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English Premier League football players told to stop hugging or risk matches being stopped


The British government is increasingly alarmed by the sight of soccer players hugging and kissing in celebrations, risking coronavirus infections and the sport’s ability to be allowed to continue during the latest lockdown.

Outbreaks at Premier League teams, forcing the postponement of matches, have heightened concerns about the avoidable — and very visible — close contact between players.

“Everyone in the country has had to change the way they interact with people and ways of working,” Sports Minister Nigel Huddleston tweeted Wednesday.

“Footballers are no exception. COVID secure guidelines exist for football. Footballers must follow them and football authorities enforce them — strictly.”

Amid a surge in COVID-19 cases, the Premier League has warned clubs that punishments will be handed out for flouting the rules.

Everton players, wearing blue shirts with white chevrons on the sleeves and white numbers, hug
Players have been told to avoid the very visible close contact between players that follows a goal.(AP: Rui Vieira, Pool)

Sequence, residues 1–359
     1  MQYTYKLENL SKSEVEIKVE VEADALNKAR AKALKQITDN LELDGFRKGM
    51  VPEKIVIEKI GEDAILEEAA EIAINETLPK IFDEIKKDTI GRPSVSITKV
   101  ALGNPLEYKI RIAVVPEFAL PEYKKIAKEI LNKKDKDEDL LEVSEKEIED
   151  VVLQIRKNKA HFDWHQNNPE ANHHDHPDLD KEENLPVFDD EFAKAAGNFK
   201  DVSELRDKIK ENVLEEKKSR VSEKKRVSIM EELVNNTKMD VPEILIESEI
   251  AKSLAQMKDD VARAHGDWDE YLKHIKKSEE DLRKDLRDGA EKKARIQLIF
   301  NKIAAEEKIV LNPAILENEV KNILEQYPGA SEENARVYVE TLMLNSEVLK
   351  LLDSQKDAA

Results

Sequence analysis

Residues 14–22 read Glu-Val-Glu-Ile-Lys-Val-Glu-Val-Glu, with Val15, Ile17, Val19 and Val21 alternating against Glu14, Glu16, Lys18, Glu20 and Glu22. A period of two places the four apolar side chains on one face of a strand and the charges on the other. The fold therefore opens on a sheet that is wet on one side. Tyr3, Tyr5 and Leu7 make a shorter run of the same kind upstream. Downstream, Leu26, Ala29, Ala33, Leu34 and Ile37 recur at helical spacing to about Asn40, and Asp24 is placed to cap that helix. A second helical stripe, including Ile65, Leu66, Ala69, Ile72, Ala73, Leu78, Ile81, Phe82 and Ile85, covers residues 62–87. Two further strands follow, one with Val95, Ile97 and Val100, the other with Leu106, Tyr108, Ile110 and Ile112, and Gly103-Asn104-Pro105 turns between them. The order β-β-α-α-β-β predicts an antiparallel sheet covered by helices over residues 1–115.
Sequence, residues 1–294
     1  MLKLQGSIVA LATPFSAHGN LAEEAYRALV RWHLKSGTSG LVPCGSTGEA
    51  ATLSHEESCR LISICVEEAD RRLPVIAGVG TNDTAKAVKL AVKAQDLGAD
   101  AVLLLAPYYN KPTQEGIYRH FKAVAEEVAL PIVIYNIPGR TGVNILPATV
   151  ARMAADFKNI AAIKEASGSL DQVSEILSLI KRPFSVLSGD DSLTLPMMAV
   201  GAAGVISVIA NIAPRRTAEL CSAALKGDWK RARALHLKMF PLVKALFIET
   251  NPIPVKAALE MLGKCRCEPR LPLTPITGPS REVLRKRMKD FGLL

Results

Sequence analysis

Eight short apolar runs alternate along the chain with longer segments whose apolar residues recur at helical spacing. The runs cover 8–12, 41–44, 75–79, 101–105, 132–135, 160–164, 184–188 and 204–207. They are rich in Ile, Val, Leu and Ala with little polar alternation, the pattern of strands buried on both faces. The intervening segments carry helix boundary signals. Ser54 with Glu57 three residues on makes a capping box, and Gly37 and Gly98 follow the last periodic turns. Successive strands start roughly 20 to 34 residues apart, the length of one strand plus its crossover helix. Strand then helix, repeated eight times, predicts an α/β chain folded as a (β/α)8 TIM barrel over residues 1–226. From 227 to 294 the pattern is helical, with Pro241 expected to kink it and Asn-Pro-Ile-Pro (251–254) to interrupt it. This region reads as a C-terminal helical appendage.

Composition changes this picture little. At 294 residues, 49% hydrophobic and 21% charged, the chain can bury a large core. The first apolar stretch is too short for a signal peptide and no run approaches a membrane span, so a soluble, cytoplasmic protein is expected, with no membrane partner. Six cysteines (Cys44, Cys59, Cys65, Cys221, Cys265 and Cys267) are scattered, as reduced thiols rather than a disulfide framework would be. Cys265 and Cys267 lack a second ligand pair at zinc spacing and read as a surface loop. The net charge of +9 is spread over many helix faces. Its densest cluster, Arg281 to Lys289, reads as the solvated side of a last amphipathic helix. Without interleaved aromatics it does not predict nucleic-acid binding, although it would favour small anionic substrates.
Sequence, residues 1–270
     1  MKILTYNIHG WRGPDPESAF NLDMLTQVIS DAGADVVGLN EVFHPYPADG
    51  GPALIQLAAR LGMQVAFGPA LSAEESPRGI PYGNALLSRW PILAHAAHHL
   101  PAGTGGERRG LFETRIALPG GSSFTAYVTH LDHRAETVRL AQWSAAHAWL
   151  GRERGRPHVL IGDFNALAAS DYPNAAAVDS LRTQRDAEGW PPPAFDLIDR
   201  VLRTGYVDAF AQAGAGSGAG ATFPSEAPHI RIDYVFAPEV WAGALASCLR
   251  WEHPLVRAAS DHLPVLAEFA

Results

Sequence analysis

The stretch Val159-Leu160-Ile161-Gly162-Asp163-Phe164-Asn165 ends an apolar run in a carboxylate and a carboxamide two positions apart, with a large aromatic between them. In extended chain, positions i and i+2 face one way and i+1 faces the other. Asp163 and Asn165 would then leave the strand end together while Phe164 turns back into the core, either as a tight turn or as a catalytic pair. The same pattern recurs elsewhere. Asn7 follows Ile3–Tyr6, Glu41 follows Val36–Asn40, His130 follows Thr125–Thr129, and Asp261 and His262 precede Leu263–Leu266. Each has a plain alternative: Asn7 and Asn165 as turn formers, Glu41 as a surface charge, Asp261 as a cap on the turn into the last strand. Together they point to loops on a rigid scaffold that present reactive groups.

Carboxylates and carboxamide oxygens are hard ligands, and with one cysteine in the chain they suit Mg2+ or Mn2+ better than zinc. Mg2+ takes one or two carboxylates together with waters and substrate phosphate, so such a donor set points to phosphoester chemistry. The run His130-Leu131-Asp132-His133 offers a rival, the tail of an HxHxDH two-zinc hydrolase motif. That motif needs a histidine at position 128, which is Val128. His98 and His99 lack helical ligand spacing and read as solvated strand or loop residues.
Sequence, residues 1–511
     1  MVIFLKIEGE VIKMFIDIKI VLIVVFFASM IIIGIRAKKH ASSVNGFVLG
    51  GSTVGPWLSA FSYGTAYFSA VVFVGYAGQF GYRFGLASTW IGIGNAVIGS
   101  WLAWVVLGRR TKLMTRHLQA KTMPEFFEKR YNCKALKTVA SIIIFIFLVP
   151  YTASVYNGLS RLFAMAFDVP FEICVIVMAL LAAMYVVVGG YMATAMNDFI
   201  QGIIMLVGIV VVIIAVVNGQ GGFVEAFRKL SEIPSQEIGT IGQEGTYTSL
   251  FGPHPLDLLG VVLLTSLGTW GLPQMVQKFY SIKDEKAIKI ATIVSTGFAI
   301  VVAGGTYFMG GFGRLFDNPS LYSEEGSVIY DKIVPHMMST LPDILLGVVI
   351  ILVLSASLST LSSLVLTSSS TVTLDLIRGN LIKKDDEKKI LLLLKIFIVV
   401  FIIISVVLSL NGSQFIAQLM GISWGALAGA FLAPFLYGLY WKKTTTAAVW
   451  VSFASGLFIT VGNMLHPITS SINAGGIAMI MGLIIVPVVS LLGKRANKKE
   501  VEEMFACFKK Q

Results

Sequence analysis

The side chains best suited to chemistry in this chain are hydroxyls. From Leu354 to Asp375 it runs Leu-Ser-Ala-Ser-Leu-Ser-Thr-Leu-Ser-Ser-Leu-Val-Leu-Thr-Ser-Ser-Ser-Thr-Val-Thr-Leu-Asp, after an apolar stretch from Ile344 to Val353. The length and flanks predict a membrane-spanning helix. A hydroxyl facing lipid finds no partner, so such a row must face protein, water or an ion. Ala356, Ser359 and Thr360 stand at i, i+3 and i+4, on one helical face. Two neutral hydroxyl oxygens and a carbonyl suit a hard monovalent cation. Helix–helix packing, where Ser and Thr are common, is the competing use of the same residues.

The Football Association also expressed alarm at a lack of social distancing during last weekend’s FA Cup matches.

Huddleston linked on Twitter to a news story about the league’s letter to clubs which specified players should avoid handshakes, high-fives and hugs and that they were “fortunate to be able to continue to play”.

Those warnings have proven far easier to lay out than enforce, with the majority of goals still being celebrated with group hugs.

“It’s an emotional game,” Manchester United boss Ole Gunnar Solskjaer said after his side’s 1-0 win over Burnley.

“We have to understand the players when they celebrate but also understand the concern nowadays for a bit of less emotions and less hugging.”

The league configured protocols for the return of games in March in conjunction with Jonathan Van-Tam, the deputy chief medical officer for England, who on Wednesday also urged players to avoid hugging and kissing.

“We are in a very dangerous place now,” Van-Tam said on LBC radio while discussing the issue.



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